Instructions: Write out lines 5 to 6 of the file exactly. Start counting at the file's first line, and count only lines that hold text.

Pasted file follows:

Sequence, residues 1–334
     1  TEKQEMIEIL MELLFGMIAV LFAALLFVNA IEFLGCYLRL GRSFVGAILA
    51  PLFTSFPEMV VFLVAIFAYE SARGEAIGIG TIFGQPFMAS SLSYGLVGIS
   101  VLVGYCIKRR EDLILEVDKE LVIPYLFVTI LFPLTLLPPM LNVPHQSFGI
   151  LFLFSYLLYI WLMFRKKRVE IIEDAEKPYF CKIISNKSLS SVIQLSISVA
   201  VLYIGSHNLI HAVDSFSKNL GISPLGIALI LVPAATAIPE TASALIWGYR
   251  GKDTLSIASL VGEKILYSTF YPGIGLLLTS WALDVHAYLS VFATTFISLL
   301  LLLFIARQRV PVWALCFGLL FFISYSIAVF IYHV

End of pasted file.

   151  LFLFSYLLYI WLMFRKKRVE IIEDAEKPYF CKIISNKSLS SVIQLSISVA
   201  VLYIGSHNLI HAVDSFSKNL GISPLGIALI LVPAATAIPE TASALIWGYR